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Awards

Newsletter: Gold Standard: It’s Oscar nominations crystal ball time

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Alfonso Cuarón figures to have a good day when Oscar nominations are announced Tuesday.
(Marcus Yam / Los Angeles Times)

Oscar nominations arrive Tuesday and with them, the annual outpouring of elation and anger, thanks and fury, the creation and perpetuation of hashtags and a rampant misuse of the word “snub.”

Welcome to the Gold Standard, the newsletter from the Los Angeles Times that helps guide you through the ins and outs of the awards season leading up to the Oscars.

I’m Glenn Whipp, The Times’ awards columnist and your newsletter host.

My Oscar nominations predictions for all 24 categories

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“Roma” could become become the first Netflix movie nominated for best picture. “Black Panther” might make Marvel a newbie Oscar powerhouse. Bradley Cooper could earn nominations for producing, directing, co-writing and acting in “A Star Is Born.” Alfonso Cuarón could go one step better, picking up five nods as a producer, director, writer, cinematographer and co-editor on “Roma,” a movie that will also be nominated for foreign language film.

And 29 years after “Do the Right Thing,” Spike Lee might finally earn his first nomination as a director for “BlacKkKlansman.”

Who’s going to be celebrating Tuesday morning? I combed through all 24 categories, predicting the nominees. (Yes, even for the shorts. Which means I cried my way through “Bao” again, just for you.)

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Presenters Faye Dunaway and Warren Beatty give Guillermo del Toro his Oscar for best picture for "The Shape of Water" during the telecast of the 90th Academy Awards.
(Robert Gauthier / Los Angeles Times)

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Actors union goes public in kerfuffle with film academy

With less than six weeks to go before the 91st Oscars, the film academy remains tight-lipped about its plans for the show and whether it will have a host or not.

But on Monday, the SAG-AFTRA performers guild said the motion picture academy has been active on the awards show front, accusing the organization of using intimidation in an attempt to limit actors from presenting on awards shows other than the Oscars.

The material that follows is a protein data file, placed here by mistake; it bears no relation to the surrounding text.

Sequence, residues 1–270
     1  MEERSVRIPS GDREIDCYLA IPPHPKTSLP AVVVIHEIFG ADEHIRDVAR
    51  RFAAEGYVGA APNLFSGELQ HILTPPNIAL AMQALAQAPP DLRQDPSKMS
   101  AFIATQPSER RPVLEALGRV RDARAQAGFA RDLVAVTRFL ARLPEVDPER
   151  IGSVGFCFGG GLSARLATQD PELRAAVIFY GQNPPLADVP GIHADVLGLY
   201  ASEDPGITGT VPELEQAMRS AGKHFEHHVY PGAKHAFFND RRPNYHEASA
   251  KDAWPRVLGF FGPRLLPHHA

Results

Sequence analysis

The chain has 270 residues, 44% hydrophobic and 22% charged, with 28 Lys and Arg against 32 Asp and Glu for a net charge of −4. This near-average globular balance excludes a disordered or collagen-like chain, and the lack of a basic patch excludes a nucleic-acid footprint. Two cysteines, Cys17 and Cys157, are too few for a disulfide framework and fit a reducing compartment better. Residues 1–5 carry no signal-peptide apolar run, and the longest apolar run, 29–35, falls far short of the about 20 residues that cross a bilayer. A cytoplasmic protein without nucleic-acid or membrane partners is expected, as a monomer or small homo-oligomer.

The public accusation lays bare an awards season open secret — despite being the last ceremony on the calendar, the Academy Awards want first pick of the stars.

Speaking on background, so as not to jeopardize their clients’ relationships with the motion picture academy, several personal publicists said this kind of strong-arming has been going on for years, particularly with regard to the Golden Globes.

A SAG-AFTRA spokesperson told The Times that the union had reached out to the academy and was “talking with our member leaders to determine next steps.”

Stay tuned.

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Lupita Nyong'o, center, Evan Alex and Shahadi Wright Joseph in a scene from "Us."
(Claudette Barius / Universal Pictures)
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SXSW Film Festival lineup set

Though the South By Southwest Film Festival isn’t a huge launching pad for awards season fare, several movies premiering there have gone on to great things. The 2011 high school football documentary “Undefeated” won the Oscar for documentary feature. Edgar Wright’s zippy action thriller “Baby Driver” earned three Oscar nominations last year. And John Krasinski’s acclaimed horror movie “A Quiet Place” debuted there last year.

Times film writer Mark Olsen previews this year’s festival, which includes “Us,” Jordan Peele’s highly anticipated follow-up to “Get Out.” The best thing about SXSW though is that we often don’t know what movies are going to pop. (Well, maybe Mark knows. He’s pretty plugged in to this scene.)

Feedback?

I’d love to hear from you. Email me at glenn.whipp@latimes.com.

Can’t get enough about awards season? Follow me at @glennwhipp on Twitter.


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